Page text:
Palm Sunday

Today is Palm Sunday, the first day of the Christian Holy Week. When I was a child, this was a big week with multiple visits to church and lots of secular preparations for Easter Sunday. We got Easter clothing for going to church. My father always took photos of us. There was a bigger-than-usual brunch that day, usually at my grandparent’s home along with cousins, aunts, and uncles.

The religion was fairly clear in my mind. Or at least thought it was clear. Last night, the 1956 film The Ten Commandments was on TV and I started watching it. The film looks odd to my current eyes but I know I watched it at least a half dozen times as a kid. The acting is stiff, the casting is inauthentic, the special effects look dated and the color is overly intense. But my mom loved all the Bibical films. and the big three networks of that time tended to show them at the appropriate time of year annually.

Last year I wrote here about Easter and Passover similarities and differences and rewatching that film reminded me about how little my religious classes of that time told me about the similarities. Taking religion courses in college, the biggest takeaway for me was how similar all religions are in certain aspects.

Here is one of my little ronka poems about Palm Sunday

Moveable feast this Passover and Easter week.
No palms here, but crocuses, wood hyacinths,
jonquils, cherry blossoms, a first bee buzzing.
Yew Sunday, Branch Sunday, triumph and victory
contained in a seed, bud, pollen, flower.


I’m not religious these days in any formal sense. I’m not a churchgoer. I have in-laws who are Jewish and so I have begun to celebrate Passover with a seder, which is a learning experience.

One of my strongest memories of Palm Sunday is getting the actual palms in church. Many people, including my mother, would weave them into rather elaborate crosses. But I did learn about why we had the palms.

Palm Sunday is a Christian moveable feast that falls on the Sunday before Easter that commemorates Christ’s triumphal entry into Jerusalem where the people carried palm branches as a sign of respect. It happened a week before his resurrection. Sometimes it is called by other names, such as Passion Sunday, because the Gospel narrative of the Passion of Jesus is read during the liturgical celebrations. Palm Sunday begins Holy Week, which is the last week of Lent.

Although the blessing and distribution of palm branches was the tradition, not everyone in every location can get palms, and branches of other native trees are also used. Some people name the day after these substitute trees, as in Yew Sunday, or by the general term Branch Sunday. For me, the budding and blooming branches around Paradelle seem like a good substitute, and the colors of the blooming flowers – especially the multicolored crocuses – seem like all the colors of Easter from church vestments to the thing I would find in my childhood Easter basket.

Pipe Dreams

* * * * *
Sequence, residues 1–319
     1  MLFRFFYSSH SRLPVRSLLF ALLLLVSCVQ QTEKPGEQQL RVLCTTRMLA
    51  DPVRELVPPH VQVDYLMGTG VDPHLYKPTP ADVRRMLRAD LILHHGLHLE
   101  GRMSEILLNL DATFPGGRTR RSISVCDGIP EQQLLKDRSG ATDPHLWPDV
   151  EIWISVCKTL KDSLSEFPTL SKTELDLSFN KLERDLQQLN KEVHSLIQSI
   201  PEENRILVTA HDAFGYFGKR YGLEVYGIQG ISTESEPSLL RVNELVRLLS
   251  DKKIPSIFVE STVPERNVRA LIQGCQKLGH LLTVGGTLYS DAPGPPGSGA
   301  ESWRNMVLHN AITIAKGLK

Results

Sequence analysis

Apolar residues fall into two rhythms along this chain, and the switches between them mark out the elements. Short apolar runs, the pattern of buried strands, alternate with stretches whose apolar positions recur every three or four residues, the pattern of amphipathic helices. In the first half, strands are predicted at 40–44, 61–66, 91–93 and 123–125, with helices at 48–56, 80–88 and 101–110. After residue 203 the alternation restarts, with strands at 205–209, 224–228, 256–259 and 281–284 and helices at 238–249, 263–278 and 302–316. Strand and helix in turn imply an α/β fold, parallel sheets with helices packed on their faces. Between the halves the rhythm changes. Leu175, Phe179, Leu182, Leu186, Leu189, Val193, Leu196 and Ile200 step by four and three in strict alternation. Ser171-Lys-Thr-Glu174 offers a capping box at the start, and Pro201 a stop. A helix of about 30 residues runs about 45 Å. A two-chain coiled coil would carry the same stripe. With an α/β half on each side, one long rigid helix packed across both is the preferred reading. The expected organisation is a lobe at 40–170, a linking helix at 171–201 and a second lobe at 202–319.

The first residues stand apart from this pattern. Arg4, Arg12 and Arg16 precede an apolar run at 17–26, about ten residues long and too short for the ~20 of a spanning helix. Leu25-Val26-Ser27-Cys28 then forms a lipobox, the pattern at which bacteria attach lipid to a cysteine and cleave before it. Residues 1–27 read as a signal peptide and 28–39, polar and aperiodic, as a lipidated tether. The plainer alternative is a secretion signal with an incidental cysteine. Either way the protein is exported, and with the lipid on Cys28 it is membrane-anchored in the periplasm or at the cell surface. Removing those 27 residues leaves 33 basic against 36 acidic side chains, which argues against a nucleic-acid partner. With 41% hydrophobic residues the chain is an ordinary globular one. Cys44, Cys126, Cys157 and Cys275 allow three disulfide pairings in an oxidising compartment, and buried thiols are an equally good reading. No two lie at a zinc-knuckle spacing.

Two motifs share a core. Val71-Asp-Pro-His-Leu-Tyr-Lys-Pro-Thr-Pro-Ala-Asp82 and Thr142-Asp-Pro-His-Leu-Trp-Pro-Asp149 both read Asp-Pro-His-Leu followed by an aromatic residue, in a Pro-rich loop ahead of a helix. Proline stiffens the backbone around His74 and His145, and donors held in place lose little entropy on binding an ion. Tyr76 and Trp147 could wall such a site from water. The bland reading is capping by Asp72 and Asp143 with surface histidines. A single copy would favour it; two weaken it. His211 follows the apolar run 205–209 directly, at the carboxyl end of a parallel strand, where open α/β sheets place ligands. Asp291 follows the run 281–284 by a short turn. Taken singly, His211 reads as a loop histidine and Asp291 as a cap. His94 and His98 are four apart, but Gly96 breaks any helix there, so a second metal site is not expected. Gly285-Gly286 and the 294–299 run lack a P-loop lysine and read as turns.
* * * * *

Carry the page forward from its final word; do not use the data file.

I came across one of my grandfather’s pipes in a drawer last month. It is the only thing I have of his. After he died, I wanted his mantle clock that chimed throughout my early childhood but a cousin snatched that and also took grandpa’s humidor and pipes. Well, he was a pipe smoker like grandpa and I was just a young teen, so I suppose it made sense. But the clock – that should have been mine.

Later, I found another pipe of his in a drawer when my mom was helping clean out his house and I pocketed it. It looked newer and that seemed good to me. But I would later discover that new pipes need to be seasoned. This one was lightly seasoned. It may have been a pipe my family bought for his last birthday as cans of pipe tobacco were a common gift.

I loved the smell of the tobacco and I liked the smell of the smoke. When I eventually tried smoking a pipe in college, I found the taste to be unappealing. I found pipe smoking to be appealing in a Romantic way, somehow mixed in my undergraduate mind with whiskey and literature.

There are many materials used for pipes. The bowls of tobacco pipes are commonly made of briar wood, meerschaum, corncob, pear-wood, rosewood or less commonly cherry, olive, maple, mesquite, oak, and bog wood. In my college days, pipes were more likely to be used to smoke pot and they were made of all kinds of thing including glass and soapstone.

A pipe with a briarwood bowl like the one I have is the type that you must break in/ That process is called seasoning and it adds a protective layer (“dottle”) of carbon inside of the bowl. That layer keeps the wood from burning, drying out, and cracking.

I have smoked grandpa’s pipe a few times over the decades since I obtained it. I’m not a smoker these days but a pipe seems different from cigarettes and cigars. I suppose it’s not healthy to smoke anything these days, but when I do on rare occasions it seems almost ceremonial. I always think of my grandfather and the days I spent with him at his house in Newark, New Jersey. Our family went there for Sunday dinner with cousins almost every week. I loved his garden and he taught me things about growing vegetables and flowers that I think about every time I am in my garden.

Sherlock Holmes smoking a pipe in an illustration by Frank Wiles first appeared in 1914 in the Strand Magazine to illustrate the first installment of “The Valley of Fear.” Link

My experience with grandpa’s pipe is echoed in one of the essays by Alan Lightman in his collection, Dance for Two. His writing usually mixes science and literature. The essay “Time Travel and Papa Joe’s Pipe” is one of my favorites in the book. It is a Proustian moment he has with Papa Joe’s pipe as he imagines all the places the pipe has been and the people who have held it.